clock menu more-arrow no yes mobile

Filed under:

Levi Onwuzurike pens article detailing back surgery, long rehab process

Detroit Lions third-year defensive tackle Levi Onwuzurike described the exact surgery he had on his back, and the long journey in making his way back to the field.

Syndication: Detroit Free Press Junfu Han / USA TODAY NETWORK

One of the most miraculous stories this offseason has been the return of Detroit Lions defensive tackle Levi Onwuzurike. After struggling with a back injury the first two years of his NFL career, he underwent surgery last October which coach Dan Campbell referred to as a “last resort.” Many, including myself, had pretty much written off the rest of his football career.

But not only did Onwuzurike find his way onto the field for the start of training camp, but he flashed in the preseason and made the team’s 53-man roster. Now, just two days away from making what could accurately be defined as his first “healthy” NFL start in his career, Onwuzurike is ready to share his journey.

In a new series from the Detroit Lions called “Beyond,” Onwuzurike penned a long article detailing the pain he was going through, the surgery he had, and the journey back to the gridiron. You should stop right now and read the entire thing, but here are some of the important parts.

All of his rehab preparation for the 2022 season was erased on the first or second rep of training camp

We know that Onwuzurike played through a ton of pain in his rookie season. It’s easy to forget that he actually played in 16 games that year, but what I’ll never forget is the way former Lions defensive coach described Onwuzurike’s day-to-day operations, saying after his 2022 rehab, the Lions defensive tackle “can actually sit in a chair for meetings”—suggesting he was not able to do that before.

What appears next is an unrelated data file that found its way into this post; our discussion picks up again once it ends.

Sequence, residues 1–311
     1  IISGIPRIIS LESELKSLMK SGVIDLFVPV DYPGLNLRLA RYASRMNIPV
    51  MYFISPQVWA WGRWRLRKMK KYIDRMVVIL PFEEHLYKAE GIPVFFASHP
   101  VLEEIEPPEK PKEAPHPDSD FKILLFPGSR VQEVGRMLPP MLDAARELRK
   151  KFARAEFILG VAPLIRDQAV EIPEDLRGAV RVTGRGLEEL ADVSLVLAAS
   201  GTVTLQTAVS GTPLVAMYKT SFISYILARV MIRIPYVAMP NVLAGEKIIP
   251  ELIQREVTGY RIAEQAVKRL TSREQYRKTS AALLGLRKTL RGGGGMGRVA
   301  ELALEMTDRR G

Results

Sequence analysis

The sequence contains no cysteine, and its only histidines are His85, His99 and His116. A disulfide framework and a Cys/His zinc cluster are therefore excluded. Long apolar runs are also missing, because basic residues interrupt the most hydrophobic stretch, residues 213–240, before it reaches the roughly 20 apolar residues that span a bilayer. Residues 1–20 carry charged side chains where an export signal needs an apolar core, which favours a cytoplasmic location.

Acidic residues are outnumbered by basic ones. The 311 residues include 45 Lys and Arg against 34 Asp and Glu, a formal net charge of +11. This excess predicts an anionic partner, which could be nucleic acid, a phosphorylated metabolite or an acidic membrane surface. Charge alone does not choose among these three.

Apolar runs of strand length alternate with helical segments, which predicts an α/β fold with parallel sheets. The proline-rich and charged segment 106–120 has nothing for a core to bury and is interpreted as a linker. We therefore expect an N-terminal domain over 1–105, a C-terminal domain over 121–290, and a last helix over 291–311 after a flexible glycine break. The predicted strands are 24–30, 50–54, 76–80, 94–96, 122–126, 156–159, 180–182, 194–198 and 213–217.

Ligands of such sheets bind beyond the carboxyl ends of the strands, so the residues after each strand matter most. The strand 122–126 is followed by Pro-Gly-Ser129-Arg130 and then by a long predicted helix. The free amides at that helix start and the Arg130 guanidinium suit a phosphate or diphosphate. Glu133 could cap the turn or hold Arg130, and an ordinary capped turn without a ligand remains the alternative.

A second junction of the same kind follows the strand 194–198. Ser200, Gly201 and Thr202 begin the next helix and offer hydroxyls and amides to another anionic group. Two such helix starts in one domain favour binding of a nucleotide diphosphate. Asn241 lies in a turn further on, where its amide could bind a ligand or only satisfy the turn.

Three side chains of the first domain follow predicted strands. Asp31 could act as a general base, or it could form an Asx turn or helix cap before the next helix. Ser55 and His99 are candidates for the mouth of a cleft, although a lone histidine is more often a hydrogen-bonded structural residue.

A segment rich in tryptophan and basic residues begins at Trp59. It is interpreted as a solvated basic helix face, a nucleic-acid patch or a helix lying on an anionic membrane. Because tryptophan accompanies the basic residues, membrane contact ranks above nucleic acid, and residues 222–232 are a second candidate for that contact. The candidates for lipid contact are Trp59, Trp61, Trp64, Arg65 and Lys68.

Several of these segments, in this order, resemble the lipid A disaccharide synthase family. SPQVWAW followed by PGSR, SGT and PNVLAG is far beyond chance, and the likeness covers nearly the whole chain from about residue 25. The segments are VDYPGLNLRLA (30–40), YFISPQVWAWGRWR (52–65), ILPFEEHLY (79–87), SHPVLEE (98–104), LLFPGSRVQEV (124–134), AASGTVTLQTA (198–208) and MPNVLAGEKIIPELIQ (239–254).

Onwuzurike said he spent five months rehabbing to make the pain subsist and get his body prepared for 2022. All that progress immediately disappeared when the pads came on.

“Throughout my rookie season, the back pain gradually climbed, and I ended the year at a pain threshold of 7 out of 10,” Onwuzurike explained. “I seriously thought I entered Year 2 back at a 0, but that first or second rep in pads brought me back up to a 7. Starting off at a 7 immediately was an indicator that something was off, and trust me, the pain got up to a 10 that practice. The pain didn’t even gradually build up to that level, it just started there.”

Onwuzurike reveals he had spinal fusion surgery

For months, we’ve only been able to speculate the kind of surgery Onwuzurike got, and the unfortunate news is that it was a serious one. Most athletes who get spinal fusion surgery never return to play sports again, let alone in the professional ranks. And while making a decision like that may have been difficult for most people, Onwuzurike said his motivation to live a healthy lifestyle outside of football and the belief in his own ability to set and conquer goals made it an easy choice.

“I was content knowing that if the surgery didn’t allow me back onto the football field, at least I had my quality of life,” Onwuzurike wrote. “On top of being content with that, I was going to do everything in my power to get back to playing football. When you have that mindset, it’s hard for things to go wrong. And regardless, if things did go wrong, I still made my dream happen. I had a lot to be thankful for.”

He is past the mental hurdle

Onwuzurike admitted when padded practices came around again this year in training camp, he felt some emotional pressure and anxiety. But after he got through that and joint practices, he no longer was worrying about it.

“That first joint practice, I was kind of thinking about how my back would hold up,” Onwuzurike wrote. “We did pod drills first – run-blocking work – and I felt flexibility and durability in my back. After I got those reps done, I was like, ‘Alright, I’m good. I’m not worried about it anymore.’”

Onwuzurike is hoping to be a model and resource for others dealing with this injury

Given the rarity of Onwuzurike’s journey, he’s hoping he can provide hope and inspiration for others who may be facing the same conundrum that he faced so early in his career. Maybe with his help, they can come out on the other side, as well.

“Even though there are very few athletes who come back to contact sports after a lower-back spinal fusion, it helped me to learn that some athletes did return,” Onwuzurike wrote. “I hope I can be a resource to people who have the same issue. Players who are in that same predicament as me can reach out to me. It would be cool to be that resource and be that person they talk to.”

Again, you can read the entire piece here.

NEW: Join Pride of Detroit Direct

Jeremy Reisman will drop into your inbox twice a week to provide exclusive, in-depth reporting and insights from Ford Field. Subscribe to go deeper into Lions fandom, and join us on our path to win the Super Bowl.